Yasemin Schmitt ‘24

This summer, Yasemin will be attending a six-week-long study abroad program in Berlin at Freie Universität through FUBiS. She will be taking an intensive advanced German language class. Through her course and personal excursions, she is excited to be learning about Berlin’s history and what daily life is like. Yasemin is also planning to travel to southern Germany and Turkey until the end of July to see relatives. Upon her return, Yasemin will spend time with family and friends and get ready for the fall semester.

On June 14th, I received the following email and photos from Yasemin and Spencer Klink ‘25 , who are both studying in Berlin:

Liebe Frau Bork, 

es ist wirklich toll, dass ich in Berlin wohne und studiere. (…) Ich finde die Stadt so schön und man kann hier so viel tun. Es ist schwierig Berlin zu beschreiben, weil jeder Ort anders ist. Der Sprachkurs ist auch toll und ich habe viel Übung beim Lesen, Sprechen und Hören. Ich habe das Gefühl, dass ich nach nur einer Woche freier sprechen kann. Ich mache wenige Pausen und Fehler und kann auch schnelles Deutsch besser verstehen. Gestern habe ich ein Referat über Gedächtnisforschung ohne Notizen gegeben. Jeden Tag lerne ich so vielen Wörter und auch verschiedenen Arten von Sprachen. 

Dieses Wochenende haben Spencer und ich Sarah und Elia gesehen. Wir sind zum Prenzlauer  Berg und Mauerpark gegangen und haben zusammen deutsches Frühstück gegessen. Gestern haben wir uns für das Abendessen getroffen und gehen in ein Freiluftkino in der Stadt. Am Freitag fahre ich mit der Zug nach Heidelberg, um Lena zu besuchen.”

Teaching Assistant Sarah and Yasemin

Morgan Shaw ‘25

This summer Morgan will be staying in his hometown, Chattanooga, Tennessee, waiting tables. 

Daniel Holt ‘25

In late May and early June, Daniel worked as Professor Bork’s research assistant and translated a film script of the documentary by Tilman Bünz, Der SS-Mann und das Mädchen. Der Aufstand im Warschauer Ghetto 1943. (The SS Man and the Girl. The Warsaw Ghetto Uprising 1943.) The documentary aired on Germany’s TV station ARD in early May and will be made available with English subtitles to the Wesleyan community in the fall.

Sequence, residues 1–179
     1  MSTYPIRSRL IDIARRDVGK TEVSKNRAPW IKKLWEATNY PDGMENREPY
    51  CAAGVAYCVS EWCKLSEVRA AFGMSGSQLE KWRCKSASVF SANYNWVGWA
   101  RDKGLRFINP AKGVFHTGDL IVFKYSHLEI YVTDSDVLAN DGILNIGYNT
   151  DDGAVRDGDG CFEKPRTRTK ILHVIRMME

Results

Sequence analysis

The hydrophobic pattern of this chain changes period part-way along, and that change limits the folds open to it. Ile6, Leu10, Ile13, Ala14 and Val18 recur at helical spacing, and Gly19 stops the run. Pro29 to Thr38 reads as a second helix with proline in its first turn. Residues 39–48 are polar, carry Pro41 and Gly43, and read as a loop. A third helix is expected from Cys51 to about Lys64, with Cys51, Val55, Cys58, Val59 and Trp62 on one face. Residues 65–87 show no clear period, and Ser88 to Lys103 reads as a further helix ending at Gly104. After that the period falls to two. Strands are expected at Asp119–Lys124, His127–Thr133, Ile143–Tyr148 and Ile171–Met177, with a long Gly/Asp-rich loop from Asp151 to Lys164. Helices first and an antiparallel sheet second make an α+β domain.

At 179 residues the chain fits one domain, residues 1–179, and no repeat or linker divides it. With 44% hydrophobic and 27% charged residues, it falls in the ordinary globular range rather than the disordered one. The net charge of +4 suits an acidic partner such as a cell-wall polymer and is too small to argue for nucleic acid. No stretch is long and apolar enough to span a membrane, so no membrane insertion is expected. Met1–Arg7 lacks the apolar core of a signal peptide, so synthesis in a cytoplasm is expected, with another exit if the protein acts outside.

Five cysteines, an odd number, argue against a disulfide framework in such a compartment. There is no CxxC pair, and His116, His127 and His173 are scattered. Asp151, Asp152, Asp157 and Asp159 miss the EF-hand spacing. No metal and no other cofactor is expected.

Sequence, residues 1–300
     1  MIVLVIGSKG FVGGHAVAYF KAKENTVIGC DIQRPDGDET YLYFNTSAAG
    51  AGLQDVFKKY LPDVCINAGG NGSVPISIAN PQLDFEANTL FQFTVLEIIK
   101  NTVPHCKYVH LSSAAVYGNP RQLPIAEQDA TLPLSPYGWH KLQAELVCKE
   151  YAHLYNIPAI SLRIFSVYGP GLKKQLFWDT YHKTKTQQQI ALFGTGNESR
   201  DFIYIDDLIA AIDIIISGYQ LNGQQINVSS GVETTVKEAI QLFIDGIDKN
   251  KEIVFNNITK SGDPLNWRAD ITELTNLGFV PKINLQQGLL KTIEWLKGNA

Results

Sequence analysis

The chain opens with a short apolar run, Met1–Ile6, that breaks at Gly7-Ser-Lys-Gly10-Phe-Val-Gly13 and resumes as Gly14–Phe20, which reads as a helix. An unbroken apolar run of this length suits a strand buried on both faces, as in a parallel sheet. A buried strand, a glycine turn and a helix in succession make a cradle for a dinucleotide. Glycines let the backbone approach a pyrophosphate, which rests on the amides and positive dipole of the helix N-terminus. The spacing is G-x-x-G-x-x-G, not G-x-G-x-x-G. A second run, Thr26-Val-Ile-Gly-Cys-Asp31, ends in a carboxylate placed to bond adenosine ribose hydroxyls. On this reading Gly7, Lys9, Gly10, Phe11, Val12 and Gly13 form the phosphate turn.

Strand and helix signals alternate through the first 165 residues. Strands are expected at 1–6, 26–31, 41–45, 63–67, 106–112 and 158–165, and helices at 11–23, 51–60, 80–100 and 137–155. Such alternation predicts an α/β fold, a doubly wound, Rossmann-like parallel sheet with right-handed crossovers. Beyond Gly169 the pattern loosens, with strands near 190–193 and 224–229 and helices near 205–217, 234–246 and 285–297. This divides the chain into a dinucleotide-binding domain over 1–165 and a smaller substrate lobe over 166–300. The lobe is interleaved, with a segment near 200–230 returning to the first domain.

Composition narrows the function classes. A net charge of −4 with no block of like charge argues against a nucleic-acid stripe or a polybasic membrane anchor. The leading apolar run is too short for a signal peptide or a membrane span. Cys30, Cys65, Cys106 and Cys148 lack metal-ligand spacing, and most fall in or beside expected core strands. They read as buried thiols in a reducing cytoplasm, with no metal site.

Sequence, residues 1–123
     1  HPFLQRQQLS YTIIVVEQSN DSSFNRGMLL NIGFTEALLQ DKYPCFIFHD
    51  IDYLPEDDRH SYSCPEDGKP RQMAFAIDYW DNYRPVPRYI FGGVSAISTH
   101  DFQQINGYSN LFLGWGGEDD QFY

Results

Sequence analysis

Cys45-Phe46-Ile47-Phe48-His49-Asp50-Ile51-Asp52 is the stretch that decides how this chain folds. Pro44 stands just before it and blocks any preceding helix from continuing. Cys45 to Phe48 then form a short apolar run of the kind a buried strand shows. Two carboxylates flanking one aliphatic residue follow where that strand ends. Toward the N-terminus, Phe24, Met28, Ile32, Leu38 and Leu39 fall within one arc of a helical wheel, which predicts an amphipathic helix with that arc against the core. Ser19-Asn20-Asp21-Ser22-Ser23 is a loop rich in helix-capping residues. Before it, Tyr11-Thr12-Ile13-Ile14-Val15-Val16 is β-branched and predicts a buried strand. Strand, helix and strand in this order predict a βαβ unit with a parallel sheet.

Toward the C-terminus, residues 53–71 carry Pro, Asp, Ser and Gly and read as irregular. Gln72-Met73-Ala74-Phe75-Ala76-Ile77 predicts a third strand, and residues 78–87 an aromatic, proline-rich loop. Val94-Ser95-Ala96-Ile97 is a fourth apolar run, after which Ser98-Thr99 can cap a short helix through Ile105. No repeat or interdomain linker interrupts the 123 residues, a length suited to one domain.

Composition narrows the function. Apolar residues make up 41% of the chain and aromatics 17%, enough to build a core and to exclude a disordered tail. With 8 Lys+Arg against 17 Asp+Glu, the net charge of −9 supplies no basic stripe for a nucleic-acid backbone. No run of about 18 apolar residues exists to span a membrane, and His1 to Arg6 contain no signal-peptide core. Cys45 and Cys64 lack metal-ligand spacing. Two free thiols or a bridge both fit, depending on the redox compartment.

This summer, Daniel will also be working at a summer day camp before returning to Wesleyan.

Film Event: TV Series Doppelhaushälfte

Wesleyan is celebrating Asian American and Pacific Islander Heritage Month in April, so come and join us this Wednesday, April 26 at 6pm in Fisk 413 for the last screening of our “Asian German FilmSeries” and pizza!

We’ll be showing some episodes of the 2022 TV series Doppelhaushälfte (Semi-Detached), with Iranian and Vietnamese diasporic characters in the main cast. 

The Kröger-Sawadi family from hip Berlin has just settled down in a suburban duplex home, right next door to the Knuppes. Their idyllic house in the countryside may not be what they imagined… Come see how the neighbors get along in this fresh and subversive take on the German “culture-clash comedy”!


Wensinger and Lensing on Enzensberger

In memory of poet and essayist Hans Magnus Enzensberger, who recently passed away at the age of 93, retired German Studies professors Jerry Wensinger and Leo Lensing published commemorative articles in the “Geisteswissenschaften” section of the Frankfurter Allgemeine Zeitung on February 15, 2023. For historical background, Enzensberger had been offered a yearlong fellowship at Wesleyan’s Institute for Advanced Studies (now the Center for the Humanities), but in January 1968 resigned after only a semester to move to Cuba “to work there for a substantial period of time,” as he explained in his resignation letter to Wesleyan president Etherington. On campus, he had been disturbed by the quiescent attitude towards the militarism of the Johnson administration, an attitude he found reflected in how people talked about US politics: “a new crop of words has been banished, by common consent, from polite society: words like “exploitation”  and “imperialism.” They have acquired a touch of obscenity. Political scientists have taken to paraphrases and circumlocution which sound like the neurotic euphemisms of the Victorians. Some sociologists have gone so far as to deny the very existence of a ruling class. Obviously, it is easier to abolish the word “exploitation” than the thing it designates; but then, to do away with the term is not to do away with the problem.”